During the semester, I’ve been volunteering with an organization weekly and with another periodically. Volunteering with these organizations shaped my study abroad experience in multiple different ways: I was forced to speak Spanish, I got to meet many locals and people from around the world, I was able to learn a different aspect of Buenos Aires, the capital and the province, and contextualize the social issues and statistics we talk about.
I volunteered with two organizations: Pilares and Techo.
Pilares is an organization that works in different slums located in a neighborhood of Buenos Aires. It works with the families that live in the slum it works in to empower development. They have different programs, such as nutrition-based and education-based programs. I was volunteering for an educational program at a daycare center.
People who have to be at work during the day drop their kids at the until they go to school in the afternoon. At the center, the kids get breakfast and lunch, along with educational assistance. Therefore, every Tuesday morning, I took a bus at 8:15 am to get to the neighborhood where I met the other volunteers to walk over to the slum. We helped kids with their homework, played with them and organized activities in English. After the kids left for school, we’d have lunch with the other volunteers and workers where we chatted or discussed how to improve the program.
On the other hand, Techo is an organization that works to alleviate poverty by providing living spaces. Therefore, they construct houses for people living in slums and in need of more space. It is an international organization that exist in many Latin American and Caribbean countries. Techo has different volunteer programs, such as detection and construction.
Construction is a two-day program where you go to a slum in the capital or the province to build a house for a family. I volunteered for construction twice and they were both very memorable experiences. Both times, I was assigned to slums in the province. The first time I went, it was early fall and we slept in a school, I didn’t understand a lot of things and my group mates didn’t speak English. The second time I went, it was early winter, we slept in an entertainment center, I understood almost everything and I tried not to speak in English :-)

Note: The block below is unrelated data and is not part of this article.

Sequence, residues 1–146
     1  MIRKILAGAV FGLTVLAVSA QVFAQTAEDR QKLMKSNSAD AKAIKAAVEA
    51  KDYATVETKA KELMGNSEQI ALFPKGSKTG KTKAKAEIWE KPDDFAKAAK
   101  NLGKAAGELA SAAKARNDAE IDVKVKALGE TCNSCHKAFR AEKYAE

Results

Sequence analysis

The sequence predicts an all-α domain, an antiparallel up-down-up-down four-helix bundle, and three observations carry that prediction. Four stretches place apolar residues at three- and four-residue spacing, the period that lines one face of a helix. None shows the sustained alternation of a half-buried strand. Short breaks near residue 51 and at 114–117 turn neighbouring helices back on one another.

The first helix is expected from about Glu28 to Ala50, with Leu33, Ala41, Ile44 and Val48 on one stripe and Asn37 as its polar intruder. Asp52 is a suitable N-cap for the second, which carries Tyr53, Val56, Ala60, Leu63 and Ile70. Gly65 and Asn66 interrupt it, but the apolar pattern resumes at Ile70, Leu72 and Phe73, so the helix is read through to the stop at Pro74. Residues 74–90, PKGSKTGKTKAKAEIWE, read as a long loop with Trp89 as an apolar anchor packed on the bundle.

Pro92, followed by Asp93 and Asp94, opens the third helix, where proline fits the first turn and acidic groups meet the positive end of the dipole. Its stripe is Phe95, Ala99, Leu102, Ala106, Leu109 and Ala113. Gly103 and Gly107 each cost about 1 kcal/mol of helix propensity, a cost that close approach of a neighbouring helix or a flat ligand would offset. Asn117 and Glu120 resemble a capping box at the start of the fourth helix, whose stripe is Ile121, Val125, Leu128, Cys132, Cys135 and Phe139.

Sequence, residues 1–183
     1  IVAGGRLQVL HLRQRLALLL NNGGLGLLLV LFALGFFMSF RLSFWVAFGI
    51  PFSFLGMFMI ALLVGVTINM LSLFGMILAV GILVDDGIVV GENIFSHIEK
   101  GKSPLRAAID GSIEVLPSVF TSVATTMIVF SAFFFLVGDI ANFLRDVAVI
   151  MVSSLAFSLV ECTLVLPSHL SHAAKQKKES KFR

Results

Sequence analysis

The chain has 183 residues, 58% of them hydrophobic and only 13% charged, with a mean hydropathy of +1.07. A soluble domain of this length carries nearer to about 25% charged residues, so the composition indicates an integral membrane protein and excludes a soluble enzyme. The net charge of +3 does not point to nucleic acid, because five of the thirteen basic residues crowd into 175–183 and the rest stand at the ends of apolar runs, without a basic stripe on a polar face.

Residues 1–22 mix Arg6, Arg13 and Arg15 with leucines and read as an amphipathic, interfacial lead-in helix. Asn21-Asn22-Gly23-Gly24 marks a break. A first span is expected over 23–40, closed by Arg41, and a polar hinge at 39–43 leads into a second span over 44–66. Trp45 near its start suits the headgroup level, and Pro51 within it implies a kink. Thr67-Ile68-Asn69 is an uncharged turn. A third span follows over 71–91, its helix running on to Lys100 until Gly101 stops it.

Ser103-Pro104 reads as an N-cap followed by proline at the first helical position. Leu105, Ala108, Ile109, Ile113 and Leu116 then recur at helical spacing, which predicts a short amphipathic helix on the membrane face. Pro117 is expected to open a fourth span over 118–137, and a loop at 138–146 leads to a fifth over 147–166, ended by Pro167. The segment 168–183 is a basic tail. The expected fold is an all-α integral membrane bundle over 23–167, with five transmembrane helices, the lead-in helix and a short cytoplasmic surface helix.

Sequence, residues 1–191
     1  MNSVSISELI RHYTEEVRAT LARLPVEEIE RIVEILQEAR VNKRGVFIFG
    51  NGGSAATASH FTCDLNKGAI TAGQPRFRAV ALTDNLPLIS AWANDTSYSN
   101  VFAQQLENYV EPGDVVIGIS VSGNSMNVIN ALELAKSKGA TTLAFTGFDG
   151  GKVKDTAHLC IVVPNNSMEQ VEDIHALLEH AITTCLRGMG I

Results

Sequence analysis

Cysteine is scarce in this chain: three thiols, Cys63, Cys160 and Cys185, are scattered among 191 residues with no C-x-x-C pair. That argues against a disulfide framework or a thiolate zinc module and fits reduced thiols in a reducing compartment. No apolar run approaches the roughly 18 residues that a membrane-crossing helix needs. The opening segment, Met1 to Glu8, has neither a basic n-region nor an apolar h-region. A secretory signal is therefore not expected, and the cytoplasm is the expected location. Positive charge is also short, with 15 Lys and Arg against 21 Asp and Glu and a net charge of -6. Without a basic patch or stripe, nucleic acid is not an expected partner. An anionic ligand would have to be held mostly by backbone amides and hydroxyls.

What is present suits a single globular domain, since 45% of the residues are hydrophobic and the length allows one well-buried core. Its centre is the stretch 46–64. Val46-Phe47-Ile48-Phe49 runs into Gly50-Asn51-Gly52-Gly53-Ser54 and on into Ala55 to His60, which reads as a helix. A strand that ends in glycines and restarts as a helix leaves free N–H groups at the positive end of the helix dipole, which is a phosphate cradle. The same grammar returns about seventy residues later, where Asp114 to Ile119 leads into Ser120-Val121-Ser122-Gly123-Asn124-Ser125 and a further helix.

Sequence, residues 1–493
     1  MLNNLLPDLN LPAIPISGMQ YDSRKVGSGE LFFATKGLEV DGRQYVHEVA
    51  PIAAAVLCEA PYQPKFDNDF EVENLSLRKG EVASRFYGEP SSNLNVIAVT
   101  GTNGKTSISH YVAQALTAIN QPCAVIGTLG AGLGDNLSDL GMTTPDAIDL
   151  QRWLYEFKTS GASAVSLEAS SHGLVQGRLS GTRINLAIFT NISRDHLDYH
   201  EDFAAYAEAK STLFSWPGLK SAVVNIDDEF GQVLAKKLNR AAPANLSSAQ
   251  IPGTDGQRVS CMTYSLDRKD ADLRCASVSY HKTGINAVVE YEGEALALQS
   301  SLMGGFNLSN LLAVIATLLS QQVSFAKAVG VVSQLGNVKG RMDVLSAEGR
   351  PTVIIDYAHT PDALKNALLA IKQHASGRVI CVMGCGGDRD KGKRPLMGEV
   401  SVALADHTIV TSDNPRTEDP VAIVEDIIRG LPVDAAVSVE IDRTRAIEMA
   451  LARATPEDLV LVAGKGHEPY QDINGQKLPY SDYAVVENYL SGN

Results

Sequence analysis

It was very interesting to see how different it was to volunteer with each organization, in terms of the environment and what we did. The slums we went to for Techo were very different than the slums of the city of Buenos Aires. Although the city of Buenos Aires faces a lot of problems, people have resources to make it to school or work. What I saw in the province was different than any other experience. There was no sewage system, no drinkable water or no heating in houses… What I saw at Techo was a whole different level of poverty that I didn’t know about before.
One thing that was in common with both organizations was that they both had people who were dedicated to their cause. Both at Pilares and Techo, there are regular volunteers who dedicate so much of their time helping out. Also, people who work at the organizations are so passionate about their cause, about the social change they are making.
As temporary volunteers, our role is to be a part of the social change and support it, because it is for a reason and it is for a reason you get to experience once you step in those slums. Through the change in smell and scenery. The poverty statistics we discuss are right there by the garbage can that hasn’t been picked up in a while. A scenery you don’t get to see in Recoleta. A scenery that has a lot to say.
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<p>Hello hello! I am Idil and I am a junior at Lafayette College studying Economics and Anthropology & Sociology. I am from Istanbul, Turkey and I am studying abroad in Buenos Aires this semester. I am an adventurous person who loves trying new things and meeting new people. I love spending time with locals and learning more about a city from their perspective. I cannot wait to take on this experience and bring you all with me!</p>